Coast Guard Ends Search for 6 Missing in Bridge Disaster

Coast Guard Ends Search for 6 Missing in Bridge Disaster

Six construction workers were on a Baltimore bridge when it was struck by a large cargo ship and collapsed into the Patapsco River. The Coast Guard called off its search for them late on Tuesday.

Rear Adm. Shannon Gilreath stated at a press conference shortly after dusk, “At this point, we do not believe we are going to find any of these individuals still alive,” citing the cold water temperatures and the amount of time since the overnight collapse.

An industry official stated that just before the Dali cargo ship collided with the Francis Scott Key Bridge early on Tuesday, there was a “complete blackout” on board, which resulted in the loss of power to the engine and navigation systems.

The official, American Pilots Association executive director Clay Diamond, stated on Tuesday that he had been in regular contact with the Association of Maryland Pilots and that it was unclear what exactly caused the system to malfunction. The propulsion system was still offline even though the ship’s backup generators had started up and were partially restoring power.

According to Mr. Diamond, the pilot in charge of the ship gave the order to turn the ship as far to the left as possible and to drop the port anchor in an attempt to stop or slow the vessel’s drift towards the bridge as soon as the power went out. According to Mr. Diamond, those on the bridge who might have been harmed in an accident were shielded by the pilot’s order.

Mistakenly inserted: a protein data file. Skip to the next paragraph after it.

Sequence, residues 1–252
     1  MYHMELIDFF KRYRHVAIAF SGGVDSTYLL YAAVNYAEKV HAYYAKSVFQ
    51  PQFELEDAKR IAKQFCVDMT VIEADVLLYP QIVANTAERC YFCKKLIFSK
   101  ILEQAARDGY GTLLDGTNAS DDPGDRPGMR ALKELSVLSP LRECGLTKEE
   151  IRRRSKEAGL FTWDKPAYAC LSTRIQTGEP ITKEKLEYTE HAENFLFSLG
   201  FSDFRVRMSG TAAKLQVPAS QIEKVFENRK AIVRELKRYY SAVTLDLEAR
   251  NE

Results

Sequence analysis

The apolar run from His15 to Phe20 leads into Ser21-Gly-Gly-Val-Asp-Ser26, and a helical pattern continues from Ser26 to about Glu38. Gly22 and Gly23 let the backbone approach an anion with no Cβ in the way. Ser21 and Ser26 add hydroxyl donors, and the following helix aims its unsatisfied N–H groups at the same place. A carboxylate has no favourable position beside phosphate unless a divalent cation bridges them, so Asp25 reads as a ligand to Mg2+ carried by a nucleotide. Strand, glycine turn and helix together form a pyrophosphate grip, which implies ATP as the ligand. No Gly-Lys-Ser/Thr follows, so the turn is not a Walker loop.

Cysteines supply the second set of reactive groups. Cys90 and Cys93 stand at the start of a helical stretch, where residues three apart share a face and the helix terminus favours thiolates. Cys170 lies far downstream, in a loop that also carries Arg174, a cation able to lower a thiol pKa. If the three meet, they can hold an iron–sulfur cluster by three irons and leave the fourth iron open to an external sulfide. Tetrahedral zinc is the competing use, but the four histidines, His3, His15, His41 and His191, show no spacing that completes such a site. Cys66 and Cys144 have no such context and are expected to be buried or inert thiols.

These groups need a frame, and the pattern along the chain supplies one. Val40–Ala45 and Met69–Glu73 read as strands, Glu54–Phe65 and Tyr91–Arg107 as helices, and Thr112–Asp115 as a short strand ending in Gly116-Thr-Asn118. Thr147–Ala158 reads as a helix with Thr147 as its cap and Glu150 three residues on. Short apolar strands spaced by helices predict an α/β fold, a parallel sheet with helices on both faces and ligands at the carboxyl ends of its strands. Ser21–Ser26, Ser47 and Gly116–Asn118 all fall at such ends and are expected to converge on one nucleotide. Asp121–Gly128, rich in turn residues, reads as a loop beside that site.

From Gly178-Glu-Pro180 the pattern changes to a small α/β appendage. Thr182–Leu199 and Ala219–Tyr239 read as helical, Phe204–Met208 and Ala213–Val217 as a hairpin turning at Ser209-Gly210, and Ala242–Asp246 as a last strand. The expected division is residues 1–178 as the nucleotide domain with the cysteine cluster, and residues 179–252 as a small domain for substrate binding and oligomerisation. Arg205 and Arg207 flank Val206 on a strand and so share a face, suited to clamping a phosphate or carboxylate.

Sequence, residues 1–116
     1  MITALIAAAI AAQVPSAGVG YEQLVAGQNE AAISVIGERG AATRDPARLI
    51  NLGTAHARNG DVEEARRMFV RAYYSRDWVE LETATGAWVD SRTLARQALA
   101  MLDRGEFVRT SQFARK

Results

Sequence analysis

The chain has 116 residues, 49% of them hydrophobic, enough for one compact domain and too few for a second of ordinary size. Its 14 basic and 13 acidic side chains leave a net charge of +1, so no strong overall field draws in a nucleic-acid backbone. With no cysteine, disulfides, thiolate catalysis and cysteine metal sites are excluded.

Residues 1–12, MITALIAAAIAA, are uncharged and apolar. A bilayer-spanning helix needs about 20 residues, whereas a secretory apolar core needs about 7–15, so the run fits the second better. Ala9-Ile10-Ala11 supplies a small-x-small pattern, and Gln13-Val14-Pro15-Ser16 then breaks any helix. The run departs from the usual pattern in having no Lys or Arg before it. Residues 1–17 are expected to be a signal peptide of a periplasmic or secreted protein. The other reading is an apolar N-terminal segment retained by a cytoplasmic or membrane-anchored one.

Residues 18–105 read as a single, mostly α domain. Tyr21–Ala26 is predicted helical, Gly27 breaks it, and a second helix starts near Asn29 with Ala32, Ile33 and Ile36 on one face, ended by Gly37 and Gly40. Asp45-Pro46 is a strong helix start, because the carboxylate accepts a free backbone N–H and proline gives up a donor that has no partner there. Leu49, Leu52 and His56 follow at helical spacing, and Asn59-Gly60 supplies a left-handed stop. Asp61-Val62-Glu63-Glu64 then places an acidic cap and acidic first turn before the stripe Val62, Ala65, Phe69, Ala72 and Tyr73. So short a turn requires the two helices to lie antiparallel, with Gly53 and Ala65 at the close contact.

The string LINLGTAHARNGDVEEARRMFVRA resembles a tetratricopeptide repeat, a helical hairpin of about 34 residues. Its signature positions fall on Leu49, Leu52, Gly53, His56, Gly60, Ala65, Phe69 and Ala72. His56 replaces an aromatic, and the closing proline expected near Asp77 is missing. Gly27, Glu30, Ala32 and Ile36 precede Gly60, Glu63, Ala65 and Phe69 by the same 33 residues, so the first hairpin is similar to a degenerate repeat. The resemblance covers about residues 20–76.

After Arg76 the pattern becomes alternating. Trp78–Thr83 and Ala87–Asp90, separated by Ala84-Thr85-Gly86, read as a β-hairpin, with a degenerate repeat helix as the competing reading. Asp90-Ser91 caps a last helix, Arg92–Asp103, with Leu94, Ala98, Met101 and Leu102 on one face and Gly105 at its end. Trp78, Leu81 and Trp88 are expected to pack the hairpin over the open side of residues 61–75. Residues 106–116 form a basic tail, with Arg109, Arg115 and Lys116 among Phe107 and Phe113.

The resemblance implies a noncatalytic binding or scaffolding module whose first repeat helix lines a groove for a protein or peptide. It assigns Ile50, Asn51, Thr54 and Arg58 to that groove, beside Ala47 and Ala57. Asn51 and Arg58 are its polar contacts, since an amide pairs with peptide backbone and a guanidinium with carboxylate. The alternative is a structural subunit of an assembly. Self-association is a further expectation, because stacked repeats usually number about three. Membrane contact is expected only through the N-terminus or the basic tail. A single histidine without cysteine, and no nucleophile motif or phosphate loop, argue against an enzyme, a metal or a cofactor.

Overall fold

Mr. Diamond stated, “As soon as he lost power, he realised what could happen.” “He requested that the bridge be closed to traffic right away.”

According to Mr. Diamond, the ship’s pilot had over ten years of experience in the role. There was also an apprentice pilot in training on board.

The ship had been operating in accordance with standard procedures for ships departing Baltimore Harbour prior to the malfunction.

According to vessel-tracking data from the maritime data platform Marine Traffic, tugboats started guiding the Dali out of its berth and then assisted it in turning southward towards the bridge about an hour before the collision.

Local harbour pilots with expertise in operating in the Baltimore area are employed by the region. Before they are entrusted with bringing vessels into and out of the harbour, the pilots undergo years of training where they learn about the regulations, currents, routes, traffic patterns, and areas of danger in order to ensure safety in waters that may be unfamiliar to ship captains from other countries. Pilots with the most experience go on to operate larger boats.

Ships leaving the harbour had to adhere to a designated deep water channel that went towards and then beneath the Key Bridge. According to vessel data, the Dali was travelling at approximately 8.5 knots when it first entered that channel and began to exhibit symptoms of trouble.

Governor Wes Moore of Maryland said last month that the Port of Baltimore is the biggest port in the country by volume for deliveries of cars and light trucks. Currently, there is no marine traffic, and some cargo ships are stuck in the harbour.

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